President Donald Trump’s self-congratulation on the economy, when unemployment remains well above the height of the Great Recession, is troubling—all the more so because he and Republican leaders in Congress seek to shut off the federal aid that has thus far helped prevent an even worse crisis and refuse to prepare for a second wave of the coronavirus.
While the data released this morning will take time to parse, a 13.3 percent unemployment rate is very simply nothing to celebrate: It is the second-highest on record and indicates an economy in profound distress. And, according to the U.S. Bureau of Labor Statistics, these numbers likely understate the official unemployment rate by about 3 percentage points due to the difficulty of surveying during a pandemic. The broadest measure of underemployment, U-6—which includes involuntary part-time workers—suggests more than 20 percent of Americans are out of work or underemployed.
The bottom line is tens of millions of Americans have lost their jobs over the past few months. There is strong evidence to indicate that the damage will be long-lasting. This week, the Congressional Budget Office estimated that the current recession will lead to a loss of $15.7 trillion in gross domestic product over the next decade and that unemployment rates will remain above 8 percent at least through 2021. International comparisons show that the U.S. economy did not have to be here. South Korea, which had its first COVID-19 case on the same day as the United States but responded far more aggressively and effectively, stands with an unemployment rate of 3.8 percent.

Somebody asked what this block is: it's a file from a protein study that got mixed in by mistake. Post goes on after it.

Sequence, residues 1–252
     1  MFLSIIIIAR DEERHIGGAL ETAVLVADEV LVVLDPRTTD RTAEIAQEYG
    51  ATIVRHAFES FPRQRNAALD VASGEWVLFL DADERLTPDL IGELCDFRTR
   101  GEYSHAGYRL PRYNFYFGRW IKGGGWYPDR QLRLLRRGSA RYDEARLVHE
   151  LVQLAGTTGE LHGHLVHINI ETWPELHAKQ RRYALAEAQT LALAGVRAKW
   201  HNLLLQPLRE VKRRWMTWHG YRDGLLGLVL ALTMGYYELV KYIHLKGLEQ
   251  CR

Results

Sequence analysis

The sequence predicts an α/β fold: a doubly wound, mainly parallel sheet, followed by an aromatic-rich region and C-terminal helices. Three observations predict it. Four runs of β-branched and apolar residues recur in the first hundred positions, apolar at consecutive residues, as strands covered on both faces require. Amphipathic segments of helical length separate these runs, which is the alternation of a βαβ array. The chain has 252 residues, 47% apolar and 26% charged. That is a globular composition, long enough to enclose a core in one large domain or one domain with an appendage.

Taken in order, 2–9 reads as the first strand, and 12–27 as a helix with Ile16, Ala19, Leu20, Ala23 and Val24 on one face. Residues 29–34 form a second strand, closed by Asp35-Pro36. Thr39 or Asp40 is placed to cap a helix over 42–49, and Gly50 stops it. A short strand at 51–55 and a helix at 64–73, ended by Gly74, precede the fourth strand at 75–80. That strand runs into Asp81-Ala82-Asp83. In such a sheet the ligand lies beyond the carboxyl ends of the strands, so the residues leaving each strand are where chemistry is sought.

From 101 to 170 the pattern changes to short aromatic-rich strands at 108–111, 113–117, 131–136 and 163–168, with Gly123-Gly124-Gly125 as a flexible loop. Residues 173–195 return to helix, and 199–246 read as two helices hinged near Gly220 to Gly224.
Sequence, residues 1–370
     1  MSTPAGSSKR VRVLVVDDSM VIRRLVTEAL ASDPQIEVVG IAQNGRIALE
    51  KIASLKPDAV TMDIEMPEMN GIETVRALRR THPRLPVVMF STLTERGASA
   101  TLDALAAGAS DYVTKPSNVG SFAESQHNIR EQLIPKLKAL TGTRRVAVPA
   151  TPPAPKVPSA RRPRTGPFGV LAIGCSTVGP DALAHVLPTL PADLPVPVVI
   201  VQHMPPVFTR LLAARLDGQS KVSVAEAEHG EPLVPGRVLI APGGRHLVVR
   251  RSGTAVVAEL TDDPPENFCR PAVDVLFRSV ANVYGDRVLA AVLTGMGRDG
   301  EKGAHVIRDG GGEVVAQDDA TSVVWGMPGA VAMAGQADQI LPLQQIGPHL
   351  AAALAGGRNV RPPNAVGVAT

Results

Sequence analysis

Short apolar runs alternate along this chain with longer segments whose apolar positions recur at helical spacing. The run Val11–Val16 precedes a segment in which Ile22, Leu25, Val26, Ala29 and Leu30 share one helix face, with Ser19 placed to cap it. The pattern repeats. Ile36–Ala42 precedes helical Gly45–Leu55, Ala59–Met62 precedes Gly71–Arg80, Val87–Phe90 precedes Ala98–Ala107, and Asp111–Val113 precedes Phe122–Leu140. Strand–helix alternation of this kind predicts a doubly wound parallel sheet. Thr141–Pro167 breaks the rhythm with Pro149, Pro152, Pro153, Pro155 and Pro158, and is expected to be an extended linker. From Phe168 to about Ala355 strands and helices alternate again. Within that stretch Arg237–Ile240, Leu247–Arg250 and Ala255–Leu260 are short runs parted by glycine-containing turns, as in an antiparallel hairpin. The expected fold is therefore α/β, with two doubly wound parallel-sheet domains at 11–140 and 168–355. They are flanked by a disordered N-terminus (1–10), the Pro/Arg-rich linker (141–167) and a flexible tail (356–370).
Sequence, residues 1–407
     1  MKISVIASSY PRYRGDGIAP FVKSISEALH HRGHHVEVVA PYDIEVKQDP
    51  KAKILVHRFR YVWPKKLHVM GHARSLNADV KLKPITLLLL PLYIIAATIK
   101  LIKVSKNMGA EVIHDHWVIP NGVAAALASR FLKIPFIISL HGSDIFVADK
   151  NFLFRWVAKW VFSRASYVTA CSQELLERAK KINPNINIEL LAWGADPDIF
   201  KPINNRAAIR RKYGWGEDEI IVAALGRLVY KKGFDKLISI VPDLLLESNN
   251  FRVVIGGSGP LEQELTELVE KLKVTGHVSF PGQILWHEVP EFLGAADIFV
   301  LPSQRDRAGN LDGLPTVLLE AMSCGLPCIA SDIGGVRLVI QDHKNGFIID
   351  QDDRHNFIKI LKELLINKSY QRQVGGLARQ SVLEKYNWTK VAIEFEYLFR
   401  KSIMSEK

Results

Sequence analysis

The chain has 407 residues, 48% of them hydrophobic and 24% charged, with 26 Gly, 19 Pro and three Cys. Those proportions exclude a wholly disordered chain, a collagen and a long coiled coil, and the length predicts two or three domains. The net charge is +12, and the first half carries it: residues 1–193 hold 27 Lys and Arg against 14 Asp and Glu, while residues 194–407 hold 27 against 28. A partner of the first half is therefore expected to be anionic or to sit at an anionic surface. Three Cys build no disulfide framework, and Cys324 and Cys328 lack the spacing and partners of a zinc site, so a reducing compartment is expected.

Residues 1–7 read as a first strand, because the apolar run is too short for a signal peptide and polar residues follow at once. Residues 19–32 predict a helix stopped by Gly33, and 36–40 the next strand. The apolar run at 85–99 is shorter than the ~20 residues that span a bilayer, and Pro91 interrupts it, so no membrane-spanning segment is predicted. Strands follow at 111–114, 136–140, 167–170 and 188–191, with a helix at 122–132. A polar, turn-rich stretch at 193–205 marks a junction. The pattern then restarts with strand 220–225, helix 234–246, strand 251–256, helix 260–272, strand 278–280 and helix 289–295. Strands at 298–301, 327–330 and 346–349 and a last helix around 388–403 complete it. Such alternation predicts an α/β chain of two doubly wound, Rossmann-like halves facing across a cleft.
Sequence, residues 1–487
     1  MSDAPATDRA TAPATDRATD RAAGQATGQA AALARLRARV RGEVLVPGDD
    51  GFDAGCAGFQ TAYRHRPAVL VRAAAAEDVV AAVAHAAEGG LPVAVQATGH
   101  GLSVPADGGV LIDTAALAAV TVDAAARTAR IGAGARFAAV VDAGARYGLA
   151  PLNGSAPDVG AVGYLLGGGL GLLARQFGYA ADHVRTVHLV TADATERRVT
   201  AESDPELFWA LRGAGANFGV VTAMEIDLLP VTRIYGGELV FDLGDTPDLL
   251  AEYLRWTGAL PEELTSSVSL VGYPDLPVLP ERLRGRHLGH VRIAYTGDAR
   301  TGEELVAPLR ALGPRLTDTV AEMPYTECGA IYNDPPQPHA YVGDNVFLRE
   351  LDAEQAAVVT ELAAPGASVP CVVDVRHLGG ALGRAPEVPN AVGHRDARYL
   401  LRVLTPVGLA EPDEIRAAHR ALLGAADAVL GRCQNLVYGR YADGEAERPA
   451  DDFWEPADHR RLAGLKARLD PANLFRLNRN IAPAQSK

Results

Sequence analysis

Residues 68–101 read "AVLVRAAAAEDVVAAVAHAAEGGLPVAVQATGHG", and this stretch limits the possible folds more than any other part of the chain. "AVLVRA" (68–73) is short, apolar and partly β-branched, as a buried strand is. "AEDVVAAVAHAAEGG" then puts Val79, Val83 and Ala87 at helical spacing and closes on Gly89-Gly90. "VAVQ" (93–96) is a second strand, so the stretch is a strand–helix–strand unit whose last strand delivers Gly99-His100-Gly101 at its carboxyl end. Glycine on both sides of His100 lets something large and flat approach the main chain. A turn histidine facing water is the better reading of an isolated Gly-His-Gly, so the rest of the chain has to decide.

The top-line unemployment number of 13.3 percent belies even more staggering unemployment rates and job losses for Black and Latinx workers, who are already not receiving a fair share of economic gains under the last expansion. Their unemployment rates stand at 16.8 percent and 17.8 percent, respectively, and Black workers did not share in the decline of unemployment rates this month. Women of color face even worse job discrimination. The unemployment rate for Black women increased slightly to 16.5 percent, while that of Latinas now stands at 19 percent. These numbers only begin to quantify the extreme economic pain caused by the Trump administration’s chaotic and inadequate leadership over the past few months and how he has continuously turned a blind eye to the plight of so many—particularly people of color in the United States.
In contrast to the private sector, state and local governments shed 550,000 jobs this month, and more than 1 million public educators lost jobs in the last two months, demonstrating that the need for ongoing state and local government support remains extreme. Despite dire economic forecasts and growing signs of crises for state and local governments, the Trump administration has done little to address either the public health or economic crisis the country is facing.
Last month, the U.S. House of Representatives passed a $3 trillion relief bill—the HEROES Act—that would provide aid to struggling small businesses, cash-strapped states and municipalities, and families trying to put food on their tables. The Trump administration is seeking to end the emergency unemployment benefits for the more than 42 million newly unemployed Americans that expire at the end of next month, rather than extend them.
President Trump’s inaction on both the coronavirus pandemic and the economy stands in sharp contrast to the swiftness with which he incited violence against U.S. citizens protesting police brutality toward Black Americans, threatening to use the U.S. military against his fellow citizens, and then tear gassing peaceful protesters so that he could stage a photo op in front of a sacred place of worship.
It is long past time for the administration to reconcile with the ways it is actively harming the country and its people, recognize the disparate impact on people of color, and come together to protect, rather than threaten, people’s well-being and their lives.